April 28, 2019

Data Mongering (3): Bullshit, Sabotage, and Conscientious Objectors

This is my third of these round-ups; you can see them all here: Data-Mongering Round-Ups. I'm also annotating as I go in Diigo, so you can the Diigo files here: Data-Mongering articles. The editorial comments there are just copied-and-pasted from the blog posts.

Calling Bullshit: Data Reasoning in a Digital World. Fabulous syllabus from Carl T. Bergstrom and Jevin West. Check out Week 7! Week 7. Big data. When does any old algorithm work given enough data, and when is it garbage in, garbage out? Use and abuse of machine learning. Misleading metrics. Goodhart's law.

10 Ways Data Can Sabotage Your Teaching by Terry Heick. I really like the teacher's perspective in this great list from Terry Heick. See the article for examples and insights for each item: 1. The assessments are imprecise. 2. The inferences based on assessment result are limited or erroneous. 3. Assessment is infrequent. 4. The assessment is poorly-timed. 5. Data is dated. 6. ‘Depth of Knowledge’ isn’t factored. 7. Data is not transparent or accessible to others. 8. Data sources are not diverse. 9. Inflexible curriculum that resists data ‘absorption’. 10. There is too much data. 

There has been lots of reporting this week on Brian Goegan's speaking out at Arizona State University about mandated use of courseware, which also means surveillance, as @LibSkrat points out here:

Unethical numbers? A meta-analysis of library impact studies by M. Brooke Robertshaw and A. Asher. The next battleground: libraries. From the paper's abstract: "This paper presents the results of a meta-analysis of learning analytics studies in libraries that examine the effects of library use on measures of student success. Based on the aggregate results, we argue that outcomes of these studies have not produced findings that justify the loss of privacy and risk borne by students. Moreover, we argue that basing high- impact decisions on studies with no, or low, effect sizes, and weak correlation or regression values, has the potential to harm students, particularly those in already vulnerable populations."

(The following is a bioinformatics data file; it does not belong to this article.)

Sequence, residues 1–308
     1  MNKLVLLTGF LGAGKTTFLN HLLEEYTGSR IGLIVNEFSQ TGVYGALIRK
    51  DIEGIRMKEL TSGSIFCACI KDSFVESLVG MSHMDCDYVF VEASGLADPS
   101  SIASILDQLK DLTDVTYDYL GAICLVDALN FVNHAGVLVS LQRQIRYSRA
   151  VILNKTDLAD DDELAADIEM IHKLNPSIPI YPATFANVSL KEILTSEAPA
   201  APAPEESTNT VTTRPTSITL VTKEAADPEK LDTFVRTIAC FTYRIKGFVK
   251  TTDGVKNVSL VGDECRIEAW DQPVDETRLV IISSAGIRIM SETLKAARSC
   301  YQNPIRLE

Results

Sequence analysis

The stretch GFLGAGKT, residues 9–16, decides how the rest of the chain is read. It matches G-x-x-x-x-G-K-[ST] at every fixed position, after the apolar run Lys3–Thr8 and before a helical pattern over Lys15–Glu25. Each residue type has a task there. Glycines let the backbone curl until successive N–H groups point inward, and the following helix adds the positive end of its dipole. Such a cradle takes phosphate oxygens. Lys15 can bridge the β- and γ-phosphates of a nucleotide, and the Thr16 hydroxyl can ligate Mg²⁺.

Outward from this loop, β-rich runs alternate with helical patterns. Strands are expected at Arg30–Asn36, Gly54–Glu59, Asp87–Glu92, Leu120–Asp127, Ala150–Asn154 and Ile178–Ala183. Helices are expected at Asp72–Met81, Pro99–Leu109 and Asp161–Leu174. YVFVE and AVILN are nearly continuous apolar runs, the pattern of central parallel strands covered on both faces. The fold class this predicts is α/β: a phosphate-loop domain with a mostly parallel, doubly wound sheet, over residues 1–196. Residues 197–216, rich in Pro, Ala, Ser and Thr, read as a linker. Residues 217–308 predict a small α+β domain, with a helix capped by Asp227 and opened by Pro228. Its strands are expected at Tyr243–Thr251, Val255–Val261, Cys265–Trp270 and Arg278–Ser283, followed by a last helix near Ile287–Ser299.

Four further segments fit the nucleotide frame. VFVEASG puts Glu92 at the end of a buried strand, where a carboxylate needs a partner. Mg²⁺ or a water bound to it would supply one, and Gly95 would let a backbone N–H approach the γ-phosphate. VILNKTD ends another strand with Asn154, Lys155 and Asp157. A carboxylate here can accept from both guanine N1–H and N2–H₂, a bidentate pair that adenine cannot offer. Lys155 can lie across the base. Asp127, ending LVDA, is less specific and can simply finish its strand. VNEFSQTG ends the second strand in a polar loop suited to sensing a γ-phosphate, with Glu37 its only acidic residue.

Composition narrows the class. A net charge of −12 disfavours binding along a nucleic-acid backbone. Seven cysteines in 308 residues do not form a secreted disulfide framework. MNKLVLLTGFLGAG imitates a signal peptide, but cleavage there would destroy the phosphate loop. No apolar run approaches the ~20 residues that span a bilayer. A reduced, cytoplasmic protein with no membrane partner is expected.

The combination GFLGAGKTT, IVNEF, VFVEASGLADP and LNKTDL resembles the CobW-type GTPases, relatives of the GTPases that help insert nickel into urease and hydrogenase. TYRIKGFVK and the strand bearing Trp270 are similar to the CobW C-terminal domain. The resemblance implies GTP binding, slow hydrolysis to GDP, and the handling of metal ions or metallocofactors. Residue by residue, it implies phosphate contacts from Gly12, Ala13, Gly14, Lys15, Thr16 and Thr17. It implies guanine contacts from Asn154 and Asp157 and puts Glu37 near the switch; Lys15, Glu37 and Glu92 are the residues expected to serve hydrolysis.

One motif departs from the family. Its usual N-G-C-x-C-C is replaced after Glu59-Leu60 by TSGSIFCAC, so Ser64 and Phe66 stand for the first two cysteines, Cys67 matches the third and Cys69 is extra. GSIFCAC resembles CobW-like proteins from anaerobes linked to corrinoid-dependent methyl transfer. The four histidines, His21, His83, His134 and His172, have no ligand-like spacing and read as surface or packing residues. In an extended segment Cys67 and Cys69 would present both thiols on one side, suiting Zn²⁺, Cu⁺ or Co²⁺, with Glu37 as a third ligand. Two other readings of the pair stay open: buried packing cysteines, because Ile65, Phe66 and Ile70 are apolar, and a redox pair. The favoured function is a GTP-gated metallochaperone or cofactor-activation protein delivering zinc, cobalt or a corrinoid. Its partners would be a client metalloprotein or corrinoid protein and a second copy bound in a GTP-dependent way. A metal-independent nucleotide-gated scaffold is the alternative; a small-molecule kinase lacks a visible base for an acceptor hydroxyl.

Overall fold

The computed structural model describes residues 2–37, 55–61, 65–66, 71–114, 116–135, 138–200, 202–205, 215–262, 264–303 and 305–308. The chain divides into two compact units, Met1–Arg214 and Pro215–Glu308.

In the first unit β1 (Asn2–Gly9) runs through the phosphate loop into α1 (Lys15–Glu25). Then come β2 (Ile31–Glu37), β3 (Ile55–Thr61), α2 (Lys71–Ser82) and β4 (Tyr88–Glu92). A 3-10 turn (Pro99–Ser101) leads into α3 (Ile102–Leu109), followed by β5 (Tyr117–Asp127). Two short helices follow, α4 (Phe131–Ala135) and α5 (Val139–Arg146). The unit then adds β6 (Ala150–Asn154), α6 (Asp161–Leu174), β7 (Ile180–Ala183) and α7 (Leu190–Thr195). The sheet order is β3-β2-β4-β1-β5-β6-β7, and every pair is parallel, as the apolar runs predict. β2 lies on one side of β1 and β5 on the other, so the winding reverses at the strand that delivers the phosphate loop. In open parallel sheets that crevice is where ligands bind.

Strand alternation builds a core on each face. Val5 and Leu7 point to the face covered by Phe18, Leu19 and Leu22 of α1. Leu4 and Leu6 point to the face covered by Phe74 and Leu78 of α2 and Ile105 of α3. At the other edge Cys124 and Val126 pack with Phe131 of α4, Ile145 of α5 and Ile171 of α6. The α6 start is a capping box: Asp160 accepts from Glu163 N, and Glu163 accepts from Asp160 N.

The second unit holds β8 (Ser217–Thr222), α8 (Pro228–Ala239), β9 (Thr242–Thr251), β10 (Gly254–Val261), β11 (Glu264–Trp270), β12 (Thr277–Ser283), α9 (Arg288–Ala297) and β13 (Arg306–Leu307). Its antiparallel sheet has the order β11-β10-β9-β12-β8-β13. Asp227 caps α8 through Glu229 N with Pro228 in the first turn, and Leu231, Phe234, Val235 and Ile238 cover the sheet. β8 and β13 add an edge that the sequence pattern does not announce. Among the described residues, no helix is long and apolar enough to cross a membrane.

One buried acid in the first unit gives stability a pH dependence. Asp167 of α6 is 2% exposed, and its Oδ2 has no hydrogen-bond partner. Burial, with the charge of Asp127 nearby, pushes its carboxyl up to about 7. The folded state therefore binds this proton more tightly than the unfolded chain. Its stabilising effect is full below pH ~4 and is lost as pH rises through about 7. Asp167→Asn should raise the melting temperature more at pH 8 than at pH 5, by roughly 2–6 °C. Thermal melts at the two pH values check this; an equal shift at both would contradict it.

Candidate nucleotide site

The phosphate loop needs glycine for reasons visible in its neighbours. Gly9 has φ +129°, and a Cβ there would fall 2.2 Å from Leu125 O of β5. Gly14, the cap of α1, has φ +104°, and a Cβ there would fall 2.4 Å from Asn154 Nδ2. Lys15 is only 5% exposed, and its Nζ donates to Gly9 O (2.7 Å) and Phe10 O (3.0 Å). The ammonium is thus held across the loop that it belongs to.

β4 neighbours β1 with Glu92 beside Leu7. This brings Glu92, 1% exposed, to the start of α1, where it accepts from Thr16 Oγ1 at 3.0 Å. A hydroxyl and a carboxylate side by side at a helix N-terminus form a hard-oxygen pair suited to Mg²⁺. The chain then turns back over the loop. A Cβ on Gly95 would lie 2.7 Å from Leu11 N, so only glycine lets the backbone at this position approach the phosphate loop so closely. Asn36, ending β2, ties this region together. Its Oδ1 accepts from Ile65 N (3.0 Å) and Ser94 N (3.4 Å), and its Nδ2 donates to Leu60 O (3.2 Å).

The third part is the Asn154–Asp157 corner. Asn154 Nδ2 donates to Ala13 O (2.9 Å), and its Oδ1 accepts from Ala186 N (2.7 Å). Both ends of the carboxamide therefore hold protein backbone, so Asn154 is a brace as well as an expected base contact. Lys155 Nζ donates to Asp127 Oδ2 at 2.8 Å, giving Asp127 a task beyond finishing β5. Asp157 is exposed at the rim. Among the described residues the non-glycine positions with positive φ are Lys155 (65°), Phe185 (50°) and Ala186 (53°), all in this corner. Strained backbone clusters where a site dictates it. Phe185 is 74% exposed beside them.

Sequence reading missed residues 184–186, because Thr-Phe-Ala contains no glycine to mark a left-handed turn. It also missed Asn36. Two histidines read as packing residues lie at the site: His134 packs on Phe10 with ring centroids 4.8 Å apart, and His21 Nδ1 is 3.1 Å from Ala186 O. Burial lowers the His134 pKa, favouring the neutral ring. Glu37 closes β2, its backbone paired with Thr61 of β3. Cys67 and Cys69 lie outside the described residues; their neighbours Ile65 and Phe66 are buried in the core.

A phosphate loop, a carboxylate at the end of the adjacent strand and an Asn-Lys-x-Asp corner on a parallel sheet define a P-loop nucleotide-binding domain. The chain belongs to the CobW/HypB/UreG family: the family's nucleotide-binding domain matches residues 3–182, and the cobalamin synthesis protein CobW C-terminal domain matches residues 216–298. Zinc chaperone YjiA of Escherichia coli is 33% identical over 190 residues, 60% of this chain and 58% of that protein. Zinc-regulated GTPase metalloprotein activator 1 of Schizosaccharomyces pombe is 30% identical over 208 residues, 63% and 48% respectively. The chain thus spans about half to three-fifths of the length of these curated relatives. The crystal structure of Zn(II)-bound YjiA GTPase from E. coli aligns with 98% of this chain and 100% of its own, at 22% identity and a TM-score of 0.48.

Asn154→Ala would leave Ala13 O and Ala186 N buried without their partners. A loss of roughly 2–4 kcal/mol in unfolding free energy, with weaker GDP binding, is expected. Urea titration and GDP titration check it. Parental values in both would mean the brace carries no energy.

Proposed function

EDUCAUSE Horizon Report: 2019 Higher Education Edition. All the hype is here of course: machine learning, AI, predictive analytics, etc. There is the occasional acknowledgment that there might be ethical concerns, but as you would expect, the hype is strong. Very strong. One very useful feature of the article is lots of hyperlinks for future reading.

I Used to Work for Google. I Am a Conscientious Objector. by Jack Poulson (in the NYTimes Privacy Project). This piece expresses exactly why I think it is so important for people to speak out: "The time has passed when tech companies can simply build tools, write algorithms and amass data without regard to who uses the technology and for what purpose."

How much are we sacrificing for automation? by S. A. Applin. This also is not education directly, but there are lots of warnings here for us about educational Taylorism too: Using counting, metrics, and implementation of outcomes from extreme data analysis to inform policies for humans is a threat to our well-being, and results in the stories we are hearing about in the warehouse, and in other areas of our lives, where humans are too often forfeiting their agency to algorithms and machines. And here's more from the article via Donna Lanclos:

And on the subject of mongering, rather than data, check out this post from Dr. Chuck: Why do People Like Sakai, given the Market Share? ... in particular, the PPS: "P.P.S. Instructure spent $135M last year on marketing and sales.  They took this money from the pockets of higher education and used it to convince more schools to give them more money."

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